OPM: Overhaul of DOD's civilian rules will come sometime after November elections
BALTIMORE — The Bush administration's plan to overhaul the employee systems at the Homeland Security and Defense departments has run into delays, and in the case of civilian workers at the Pentagon, it will not be implemented until after the presidential election in November.
Administration officials issued proposed regulations months ago to essentially eliminate seniority pay plans, pay workers based on performance and limit labor rights. But officials at the two departments have made little progress in hammering out the final rules. The new regulations would affect more than 650,000 civilian DOD employees and 110,000 DHS workers.
At the first Office of Personnel Management Federal Workforce Conference last week, officials said the DHS plan has been delayed at least a few weeks. Melissa Allen, senior human resources adviser at DHS, told attendees there have been some hiccups.
The upcoming election is not being used as a bellwether for releasing or holding up the new rules, Allen said. In fact, she said, the rules are likely to be released before the Nov. 2 presidential election.
"There are places where we have agreed in principle," Allen said at a session on the new DHS personnel system.
OPM Director Kay Coles James declined to say when the final rules would be released. The rules would allow officials to quickly transfer workers to other locations in the event of an emergency, eliminate their jobs and make it harder to get a yearly pay raise, among other things.
James told the conference that the Sept. 11, 2001, terrorist attacks are among the factors that motivated Bush administration officials to improve human resources systems to better handle potential security threats. "At OPM, we have a greater challenge: protecting people," she said.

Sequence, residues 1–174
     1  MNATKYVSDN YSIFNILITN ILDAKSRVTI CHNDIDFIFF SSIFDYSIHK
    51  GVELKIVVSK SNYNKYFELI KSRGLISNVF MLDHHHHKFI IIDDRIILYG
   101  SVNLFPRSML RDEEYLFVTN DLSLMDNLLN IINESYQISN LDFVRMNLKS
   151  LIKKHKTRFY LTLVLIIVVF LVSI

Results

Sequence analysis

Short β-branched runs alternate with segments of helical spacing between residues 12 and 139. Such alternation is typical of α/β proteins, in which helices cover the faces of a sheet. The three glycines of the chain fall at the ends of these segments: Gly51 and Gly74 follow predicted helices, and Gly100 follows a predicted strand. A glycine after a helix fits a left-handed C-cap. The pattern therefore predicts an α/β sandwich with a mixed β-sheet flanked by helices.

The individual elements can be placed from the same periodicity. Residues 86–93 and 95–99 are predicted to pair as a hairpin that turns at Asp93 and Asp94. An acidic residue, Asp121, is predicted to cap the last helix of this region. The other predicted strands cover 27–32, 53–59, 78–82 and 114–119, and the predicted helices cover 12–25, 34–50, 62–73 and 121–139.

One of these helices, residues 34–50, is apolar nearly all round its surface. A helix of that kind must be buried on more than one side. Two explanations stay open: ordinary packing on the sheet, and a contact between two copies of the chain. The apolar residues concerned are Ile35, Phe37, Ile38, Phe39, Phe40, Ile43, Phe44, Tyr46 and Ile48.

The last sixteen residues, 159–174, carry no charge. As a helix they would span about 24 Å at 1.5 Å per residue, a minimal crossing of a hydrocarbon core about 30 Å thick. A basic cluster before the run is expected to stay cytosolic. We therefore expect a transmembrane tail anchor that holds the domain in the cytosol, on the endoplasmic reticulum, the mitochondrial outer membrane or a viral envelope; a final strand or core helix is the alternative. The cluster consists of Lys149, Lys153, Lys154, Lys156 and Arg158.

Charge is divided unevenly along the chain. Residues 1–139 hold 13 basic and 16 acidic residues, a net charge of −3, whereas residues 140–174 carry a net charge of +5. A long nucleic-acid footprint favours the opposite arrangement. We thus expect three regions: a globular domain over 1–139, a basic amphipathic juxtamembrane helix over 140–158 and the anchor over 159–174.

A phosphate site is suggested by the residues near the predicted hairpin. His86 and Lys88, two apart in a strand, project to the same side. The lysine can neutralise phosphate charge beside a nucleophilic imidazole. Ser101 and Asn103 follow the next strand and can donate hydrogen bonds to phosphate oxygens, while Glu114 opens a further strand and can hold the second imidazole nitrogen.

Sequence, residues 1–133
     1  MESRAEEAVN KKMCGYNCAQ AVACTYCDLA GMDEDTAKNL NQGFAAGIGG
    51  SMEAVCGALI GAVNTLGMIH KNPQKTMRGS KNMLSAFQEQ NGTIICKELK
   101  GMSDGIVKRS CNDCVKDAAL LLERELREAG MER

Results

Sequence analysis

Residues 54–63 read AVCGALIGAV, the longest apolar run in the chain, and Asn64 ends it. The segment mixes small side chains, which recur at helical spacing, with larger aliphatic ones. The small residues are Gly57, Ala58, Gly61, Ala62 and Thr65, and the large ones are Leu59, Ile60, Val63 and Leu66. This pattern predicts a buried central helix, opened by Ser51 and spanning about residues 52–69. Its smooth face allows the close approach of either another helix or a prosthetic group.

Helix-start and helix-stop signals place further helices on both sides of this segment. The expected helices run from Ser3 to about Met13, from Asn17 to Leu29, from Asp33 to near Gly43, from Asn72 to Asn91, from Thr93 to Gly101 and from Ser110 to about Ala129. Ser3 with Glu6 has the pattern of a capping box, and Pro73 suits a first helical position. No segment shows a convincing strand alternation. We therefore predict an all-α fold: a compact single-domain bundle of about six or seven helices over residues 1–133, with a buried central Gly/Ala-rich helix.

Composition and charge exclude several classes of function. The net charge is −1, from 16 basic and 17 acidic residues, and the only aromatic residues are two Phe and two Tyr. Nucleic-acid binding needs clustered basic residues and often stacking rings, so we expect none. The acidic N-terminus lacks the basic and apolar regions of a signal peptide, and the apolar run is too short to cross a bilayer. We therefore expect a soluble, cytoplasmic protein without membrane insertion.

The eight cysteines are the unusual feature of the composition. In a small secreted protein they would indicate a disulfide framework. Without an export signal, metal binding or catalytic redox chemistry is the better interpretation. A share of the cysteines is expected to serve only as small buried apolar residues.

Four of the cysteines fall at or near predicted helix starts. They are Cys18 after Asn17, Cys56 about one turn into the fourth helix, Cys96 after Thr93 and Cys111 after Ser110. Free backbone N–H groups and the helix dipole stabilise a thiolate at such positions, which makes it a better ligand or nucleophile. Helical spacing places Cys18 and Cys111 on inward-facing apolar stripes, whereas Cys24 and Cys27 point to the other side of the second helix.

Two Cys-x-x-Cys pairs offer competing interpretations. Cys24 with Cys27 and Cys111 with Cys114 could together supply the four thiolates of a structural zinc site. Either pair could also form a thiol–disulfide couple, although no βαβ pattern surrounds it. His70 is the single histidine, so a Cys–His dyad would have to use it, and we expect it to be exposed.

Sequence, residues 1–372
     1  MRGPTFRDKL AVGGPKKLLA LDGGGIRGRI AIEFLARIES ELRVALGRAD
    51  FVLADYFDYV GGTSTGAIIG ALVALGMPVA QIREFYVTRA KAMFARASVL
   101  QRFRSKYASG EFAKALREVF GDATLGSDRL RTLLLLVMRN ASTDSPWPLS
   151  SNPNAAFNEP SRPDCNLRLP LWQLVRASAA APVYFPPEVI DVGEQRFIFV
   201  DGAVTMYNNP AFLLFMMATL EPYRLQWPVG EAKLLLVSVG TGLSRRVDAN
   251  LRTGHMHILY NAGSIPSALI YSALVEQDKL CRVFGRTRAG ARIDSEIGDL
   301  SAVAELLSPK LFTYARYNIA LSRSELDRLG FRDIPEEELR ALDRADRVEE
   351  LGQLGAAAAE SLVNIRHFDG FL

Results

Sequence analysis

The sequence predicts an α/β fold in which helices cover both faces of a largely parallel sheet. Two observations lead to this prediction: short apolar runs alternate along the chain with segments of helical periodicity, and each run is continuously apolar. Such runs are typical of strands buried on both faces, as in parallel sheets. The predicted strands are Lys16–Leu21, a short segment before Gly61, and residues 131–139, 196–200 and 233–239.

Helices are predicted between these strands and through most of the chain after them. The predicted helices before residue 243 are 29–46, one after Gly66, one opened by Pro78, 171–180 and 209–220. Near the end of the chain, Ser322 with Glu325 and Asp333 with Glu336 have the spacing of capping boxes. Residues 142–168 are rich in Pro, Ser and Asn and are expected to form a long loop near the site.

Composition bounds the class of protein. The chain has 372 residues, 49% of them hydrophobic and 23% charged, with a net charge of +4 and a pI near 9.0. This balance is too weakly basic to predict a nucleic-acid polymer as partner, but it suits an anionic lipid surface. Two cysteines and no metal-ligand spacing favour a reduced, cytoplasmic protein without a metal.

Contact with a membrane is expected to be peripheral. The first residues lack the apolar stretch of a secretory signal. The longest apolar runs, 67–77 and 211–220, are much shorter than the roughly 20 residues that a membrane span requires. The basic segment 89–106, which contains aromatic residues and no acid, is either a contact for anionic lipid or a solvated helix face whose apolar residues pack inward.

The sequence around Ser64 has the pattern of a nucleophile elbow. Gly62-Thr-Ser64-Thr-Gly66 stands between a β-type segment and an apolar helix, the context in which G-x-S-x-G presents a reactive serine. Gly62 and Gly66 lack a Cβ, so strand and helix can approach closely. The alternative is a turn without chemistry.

Nevertheless, "with modernization and reform, no agency is left behind," James said. "Our job is to make sure the core values of the American civil service system stay intact."
Although administration officials have been meeting with the three labor unions that represent DHS workers, Brian DeWyngaert, executive assistant to the president of the American Federation of Government Employees, said the proposals for DHS and DOD employees are anti-employee.
"They are proposals that remove fairness and due process from the workforce," he said. "We see this as a proposal to lower future wage increases that ultimately will impact workers' standard of living and retirement."
He called the proposals, which include eliminating the government's 50-year-old General Schedule wage scale, "a frontal assault on all
the employees in the federal government."
DeWyngaert said he did not think the DHS delay was motivated by election-year politics, but in the case of DOD, he said officials are putting it off intentionally.
Mary Lacey, an engineer who is the program executive officer for the military's National Security Personnel System, said Pentagon officials' plans are moving slowly because they initially did not involve employees and other interested parties in the decision-making process.
Nevertheless, "we feel very strongly that the existing system is inadequate," Lacey said.
Here are some of the proposed workforce changes for the Homeland Security Department and civilian employees at the Defense Department:
End the current General Schedule pay scale.
Replace it with pay banding, in which employees would be paid within a smaller number of pay categories.
Eliminate yearly seniority pay increases, replacing them with a pay-for-performance system.
Limit labor representation and appeals processes, replacing the process with an independent appeals board.
Overhaul the Senior Executive Service for high-level professional workers, eliminating annual raises and using performance measurements to award pay increases.
Source: Office of Personnel Management
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